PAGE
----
Wednesday February 25, 2009 10:47 am
An interview with Neal Adams
With New York Comic Con having just passed earlier this month, I’ve decided to bring to you this gem from last year’s convention. Here is an interview I conducted with the legendary, Neal Adams. Unfortunately, I was not able to publish this interview until now. (I’m sorry, Neal) But, Neal is so interesting that an interview from last year is too good to let sit idle. So, without further ado, Neal Adams.
You led the fight for Jerry Siegel and Joe Shuster to be given credit for the creation of Superman. What is your opinion on the ruling that they get fifty percent?
I think if we had done our copyright laws correctly, and rewrote them correctly we would not have to have gone through the process. It’s sad that we’ve had to and that it took a court to help this situation out. It’s the proper thing to do. It should’ve been done by contract, it should have been fair, it should have been equitable, and in the end I’m sorry to have seen it go so far. I just hope that the owners of Superman, Jerry’s wife and daughter and whoever’s related to Joe, think that DC Comics and Warner’s are good landlords of the character. It would be a shame for some third party to jump in and mess everything up.
So there’s a possibility that Marvel could publish Superman?
Isn’t that disturbing?
Do you think Warner should just pay the Siegel’s whatever they want?
You can’t just pay them “whatever”. First of all you have to have “whatever”. You have to sit down and figure out what portion of whatever you can afford to give away and still stay in business. I think that there is a number or a percentage that makes sense and should make sense to fair people. I just hope that the people that are involved are fair. Sometimes lawyer’s opinions of what is fair and regular peoples opinions of what’s fair are two entirely different things. I believe in fair-minded people getting together to work things out I think that’s the best way for things to happen. Sometimes when you call in a lawyer there is no sense of fairness at all it is just “what can I get” and that can destroy things. Things have started to shift the other way. When I was fighting for Jerry and Joe, it was so far unbalanced against Jerry and Joe that it was a worthy fight. It was black and white. It’s not black and white anymore.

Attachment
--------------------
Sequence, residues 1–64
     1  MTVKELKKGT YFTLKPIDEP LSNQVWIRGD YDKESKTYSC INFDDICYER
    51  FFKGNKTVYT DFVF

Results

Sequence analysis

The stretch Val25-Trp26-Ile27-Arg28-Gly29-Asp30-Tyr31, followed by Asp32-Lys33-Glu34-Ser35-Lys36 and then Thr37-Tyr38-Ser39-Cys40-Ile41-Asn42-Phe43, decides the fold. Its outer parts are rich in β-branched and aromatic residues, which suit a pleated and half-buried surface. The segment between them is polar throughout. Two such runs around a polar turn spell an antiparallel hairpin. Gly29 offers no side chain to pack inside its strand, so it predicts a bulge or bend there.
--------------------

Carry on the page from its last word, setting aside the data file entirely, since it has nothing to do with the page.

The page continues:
What was college like for you?
I didn’t go to college.
I went to an art high school, School of Industrial Arts. It was fifty percent academic and fifty percent vocational so I got art half the day. For me it was very good. It was a little hard to keep up on my favorite subject, science but I managed to keep up pretty good.
Were you reading comics then?
I’ve pretty much been reading comics all my life. But, not to the exclusion of anything else.
My next question is about your time working with Denny O’Neil. Denny was the first to bring social issues into comics. How did you feel when you got that first script to Green Lantern/Green Arrow, (issue 76), the issue with the immortal line, “I hear how hard you been working for the blue skins, and how you helped out the orange skins, and you done considerable for the purple skins! Only there’s skins you never bothered with…the black skins! How come? Answer me, Mr. Green Lantern?” Were you worried that some of the material would violate the comic’s code?
No. I would find it a little difficult to say that Denny and I were any different from that point of view. I did a lot of work for the National Lampoon, which is a little radical. I’ve always been involved in kind of radical things so Denny for me was someone who was, were not like minded but we’re sufficiently radical, to work well together. Denny and I hardly ever agreed but there were things that, if you were a young -person in the sixties, knew to be wrong. Prejudice, union towns, the Chicago Seven trial, there were so many things so overtly wrong that unless you were a Yale Grad, or involved in the institution of White Anglo Saxon Protestant America, things were clearly wrong. So, if you scraped off the cream of wrong #### in America, that top ten percent, Denny and I were both in that area. So, anything that Denny would’ve written in that area was pretty much fine with me. He did do a thing on overpopulation, that was disturbing to me and I believed an incorrect direction to go. That’s that over liberalizing point of view and I don’t agree with it. I think population has to be controlled but to radicalize it that much didn’t make a lot of sense to me. That would be the only time I disagreed with Denny’s point of view. The drug thing was something that I introduced but Denny was capable of going along with it very, very much. Both of us had been to phoenix houses and interviewed drug addicts. I was the president of a local association of a drug addiction institution in the Bronx. So we were both familiar with the problem and just as I jumped when Denny was doing some of the early writing, Denny jumped in on the drug addiction thing.